Most of us have grown up with the Battleship Texas dry-docked on the grounds of the San Jacinto Monument.
This move happened in 1948 when the ship was decommissioned after WWII.
At that time, the battleship was floated into a shallow cul-de-sac carved out of the bank of the Houston Ship Channel.
Historians at the time would have pointed out that the docking site obliterated part of the grove of trees where the Texan forces were camped, awaiting the battle of San Jacinto on April 21, 1836.
Others would have objected on the grounds that the battleship had nothing to do with the birth of the Republic of Texas.
The decision might have been made on the basis of pragmatism: place two Texas touristic destinations close to each other.
In the current Texas legislative session, the question has been raised as to where the Battleship Texas should be berthed.
That is, after it has been repaired. The repair to the massive leaks in the ship’s hull will require the ship be floated (somehow) to Alabama.
The Legislature has voted $35 million for this repair. When this is done, where will the ship go? Back near the San Jacinto Monument where visitors to the ship are declining. Or to some more touristic destination like Galveston or maybe Corpus Christi?
After all, the San Jacinto battle site is not exactly pristine. There was nothing there during the battle of San Jacinto; just prairie and woods.
The San Jacinto Monument was not authorized until 1936, one hundred years after the battle. So the monument was still fairly new when the Battleship was moved there in 1948. That was more than 70 years ago.
Times have changed. Maybe the Battleship Texas is just a rusty hunk of iron that should be junked and replaced with a granite monument.
The Battleship Texas is the second ship with this name. The first one was commissioned and launched in 1892.
This ship was renamed the San Marcos in 1911 to allow the name Texas to be assigned to a new battleship Texas launched in 1914.
This Texas served at the end of WWI and in 1939 became the flagship of the U.S. Atlantic Fleet. She had a close call in 1941 when the German U-boat U-203 had her in its sights.
Since the U.S. was still neutral at that point, Hitler denied permission to attack her.
On the date of Pearl Harbor, Dec. 7, 1941, the Texas was in Maine and escaped destruction.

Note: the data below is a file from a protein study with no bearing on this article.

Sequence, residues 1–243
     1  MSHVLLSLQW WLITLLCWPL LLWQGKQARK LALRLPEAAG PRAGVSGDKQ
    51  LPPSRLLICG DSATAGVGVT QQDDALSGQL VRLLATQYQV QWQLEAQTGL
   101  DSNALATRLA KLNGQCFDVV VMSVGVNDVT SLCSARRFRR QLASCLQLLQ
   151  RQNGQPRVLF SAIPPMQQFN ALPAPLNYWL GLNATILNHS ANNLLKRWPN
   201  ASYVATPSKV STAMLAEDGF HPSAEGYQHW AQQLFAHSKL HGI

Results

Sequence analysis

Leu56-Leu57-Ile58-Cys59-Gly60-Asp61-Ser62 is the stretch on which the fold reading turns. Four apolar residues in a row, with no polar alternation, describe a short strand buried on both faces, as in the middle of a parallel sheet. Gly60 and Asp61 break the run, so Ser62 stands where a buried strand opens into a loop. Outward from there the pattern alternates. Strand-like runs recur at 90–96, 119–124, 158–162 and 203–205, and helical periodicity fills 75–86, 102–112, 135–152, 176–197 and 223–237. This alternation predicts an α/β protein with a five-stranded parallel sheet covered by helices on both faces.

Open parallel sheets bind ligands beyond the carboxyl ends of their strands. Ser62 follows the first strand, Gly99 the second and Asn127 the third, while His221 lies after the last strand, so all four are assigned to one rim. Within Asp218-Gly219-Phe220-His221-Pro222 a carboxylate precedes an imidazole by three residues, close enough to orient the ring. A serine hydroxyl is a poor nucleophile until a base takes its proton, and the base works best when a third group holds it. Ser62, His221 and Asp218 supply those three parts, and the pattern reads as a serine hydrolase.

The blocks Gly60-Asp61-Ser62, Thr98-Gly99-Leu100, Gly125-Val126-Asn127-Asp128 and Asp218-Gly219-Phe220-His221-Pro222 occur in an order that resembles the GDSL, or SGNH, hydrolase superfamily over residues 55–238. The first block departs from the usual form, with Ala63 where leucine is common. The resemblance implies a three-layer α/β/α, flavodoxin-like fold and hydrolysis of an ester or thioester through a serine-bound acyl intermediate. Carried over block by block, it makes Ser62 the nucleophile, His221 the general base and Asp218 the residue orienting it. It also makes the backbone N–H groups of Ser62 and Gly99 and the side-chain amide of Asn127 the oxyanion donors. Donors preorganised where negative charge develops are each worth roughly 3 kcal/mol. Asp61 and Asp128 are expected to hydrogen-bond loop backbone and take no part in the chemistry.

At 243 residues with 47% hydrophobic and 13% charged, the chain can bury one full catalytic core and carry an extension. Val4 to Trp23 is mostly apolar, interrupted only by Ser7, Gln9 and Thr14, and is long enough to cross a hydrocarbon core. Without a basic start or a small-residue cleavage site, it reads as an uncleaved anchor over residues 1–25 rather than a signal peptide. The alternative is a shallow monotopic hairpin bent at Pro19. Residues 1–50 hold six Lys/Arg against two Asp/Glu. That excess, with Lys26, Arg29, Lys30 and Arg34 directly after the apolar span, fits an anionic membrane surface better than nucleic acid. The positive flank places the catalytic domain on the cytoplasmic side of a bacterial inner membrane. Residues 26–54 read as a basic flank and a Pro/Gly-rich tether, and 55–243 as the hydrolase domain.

Serving off the coast of France on D-day June 6, 1944, she was hit by two shells from a German shore battery. One shell failed to explode; the second one did explode killing one sailor.
Later in WWII the Texas was in the Pacific and participated in the invasion of Iwo Jima and Okinawa.
After the war, she returned to the U.S. and was decommissioned in 1948. The battleship Texas had a worthy career, but did not figure into any decisive or glorious events.
Now she is more than 100 years old and her hull is leaking badly. She is the symbol of an bygone era.
The same cannot be said of the 1836 battle of San Jacinto and the monument that commemorates it.
One could make the case for moving the Battleship Texas to another place and recreating the camping site of the Texan Army on the eve of the great battle, part of which was excavated to create the Texas docking berth. I do not know if this discussion took place in the recent Texas Legislature. But I understand that the decision on a final resting place of the Battleship Texas will wait until after she is repaired and refloated, some years in the future.
Herndon Williams is affiliated with the Bayside Historical Society and the Refugio County Historical Commission. He is the author of the book, “Texas Gulf Coast Stories,” published in December 2010 by The History Press. His second book, “Eight Centuries on the Texas Frontier,” was published in May 2013. Email at firstname.lastname@example.org.